Philadanco reconstructs Bad Blood, a highly physical and seldom-performed piece by Ulysses Dove as part of an evening of dance at The Kimmel Center for the Performing Arts.
Dove’s innovative work has premiered at the New York City Ballet (Twilight, Red Angels, 1994), as well as with world renowned companies, such as the Dutch National Ballet, the Basel Ballet, American Ballet Theatre, London Festival Ballet, and Groupe de Recherche Choreographique de l’Opéra de Paris, where he spent three years as assistant director (1980–83). Dove passed away in 1996, and has been continuously revered for his explosive, forceful dances he brought to the stage.
“I’m always looking for work that challenges my dancers, and this is even more demanding because of the structure of the work,” says Joan Myers Brown about the company’s premiere of Bad Blood. “It’s about relationships, but a lot of the lifts are ‘death-defying’ and it requires the dancers to have the utmost trust in each other.”
Ulysses Dove: Bad Blood
Gene Hill Sagan: Suite En Bleu
Rennie Harris: Philadelphia Experiment
Donald Byrd: Bamm
Nina Simon is executive director of the Santa Cruz Museum of Art & History in California and author of The Participatory Museum.
In addition to his work as a solo performer, Jaamil Kosoko is co-director of anonymous bodies and the founder and executive producing director of the Philadiction Movement in Philadelphia.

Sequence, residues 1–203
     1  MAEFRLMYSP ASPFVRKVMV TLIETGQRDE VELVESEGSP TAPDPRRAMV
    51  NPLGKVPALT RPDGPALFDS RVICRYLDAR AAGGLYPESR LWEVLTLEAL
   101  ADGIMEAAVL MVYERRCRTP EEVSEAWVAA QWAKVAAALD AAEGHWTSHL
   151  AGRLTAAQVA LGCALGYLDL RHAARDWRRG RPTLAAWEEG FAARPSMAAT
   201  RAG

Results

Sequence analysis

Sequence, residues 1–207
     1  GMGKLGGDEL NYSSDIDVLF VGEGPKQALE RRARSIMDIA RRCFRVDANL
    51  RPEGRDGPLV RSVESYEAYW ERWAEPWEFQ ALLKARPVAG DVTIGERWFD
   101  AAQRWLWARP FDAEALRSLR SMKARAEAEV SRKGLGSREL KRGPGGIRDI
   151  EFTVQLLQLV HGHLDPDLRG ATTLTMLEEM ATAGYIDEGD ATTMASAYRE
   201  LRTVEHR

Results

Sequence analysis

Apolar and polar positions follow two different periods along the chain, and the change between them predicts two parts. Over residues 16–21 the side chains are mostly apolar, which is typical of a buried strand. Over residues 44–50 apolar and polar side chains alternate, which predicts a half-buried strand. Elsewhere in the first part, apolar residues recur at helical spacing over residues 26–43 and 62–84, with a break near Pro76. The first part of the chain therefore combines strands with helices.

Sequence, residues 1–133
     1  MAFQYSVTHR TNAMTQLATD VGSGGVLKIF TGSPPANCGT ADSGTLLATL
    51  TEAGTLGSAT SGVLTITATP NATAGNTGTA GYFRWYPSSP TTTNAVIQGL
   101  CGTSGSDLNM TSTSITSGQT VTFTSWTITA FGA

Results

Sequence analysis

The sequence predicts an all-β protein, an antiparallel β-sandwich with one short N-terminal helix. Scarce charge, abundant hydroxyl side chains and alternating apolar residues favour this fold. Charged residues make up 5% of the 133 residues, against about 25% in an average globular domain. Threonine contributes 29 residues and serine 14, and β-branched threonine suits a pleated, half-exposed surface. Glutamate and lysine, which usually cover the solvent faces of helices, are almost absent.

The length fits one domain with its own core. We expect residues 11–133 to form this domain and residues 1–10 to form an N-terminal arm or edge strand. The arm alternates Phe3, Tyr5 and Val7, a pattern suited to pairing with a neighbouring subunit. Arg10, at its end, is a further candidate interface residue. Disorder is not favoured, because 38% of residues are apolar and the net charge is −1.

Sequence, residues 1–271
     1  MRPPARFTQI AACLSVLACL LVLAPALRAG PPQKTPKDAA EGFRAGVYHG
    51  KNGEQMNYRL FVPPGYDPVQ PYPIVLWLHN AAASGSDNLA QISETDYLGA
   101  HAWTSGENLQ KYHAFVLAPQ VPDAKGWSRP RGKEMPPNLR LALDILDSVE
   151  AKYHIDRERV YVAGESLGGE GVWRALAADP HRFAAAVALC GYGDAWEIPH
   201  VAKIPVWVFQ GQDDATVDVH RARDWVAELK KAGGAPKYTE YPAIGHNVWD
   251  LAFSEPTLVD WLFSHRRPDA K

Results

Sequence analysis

This exhibition and website will investigate Philadelphia’s long history of row house development as an architectural territory to be mined for physical and social histories, new ideas, and urban innovations.
An urban performing arts center on the campus of the University of Pennsylvania, the Annenberg Center presents touring theater, jazz, and world music.
Independent curator Claire Tancons discusses the complex issue of institutional resistance among artists of particular backgrounds.
Ralph Rugoff is director of the Hayward Gallery at the Southbank Centre in London.
Susan Stewart is a poet and a 1995 Pew Fellow.
Pushers is a powerful dance-theater performance examining addiction and its consequences, created by Iquail Shaheed and his company using the stories of nine youth from West Philadelphia.
Recognized as one of the world’s leading conservatories, The Curtis Institute of Music (Curtis) was founded in 1924 by Mary Louise Curtis Bok. Curtis has educated and trained some of the most exceptionally gifted young musicians from around the world for careers as performing artists on the highest professional level.
Two Center-funded performance projects presented by FringeArts at the 2015 Fringe Festival—Available Light and After the Rehearsal/Persona—have gained positive reviews in The New York Times.
Naomi Beckwith is a curator at the Museum of Contemporary Art, Chicago, known for recognizing artists whose practices are social, participatory, and communal.
Jones is a movement performance artist who intertwines personal history, diasporic movement, social commentary, and interdisciplinary methods, drawing from, in her words, “the individual and collective lived experiences of blackness.”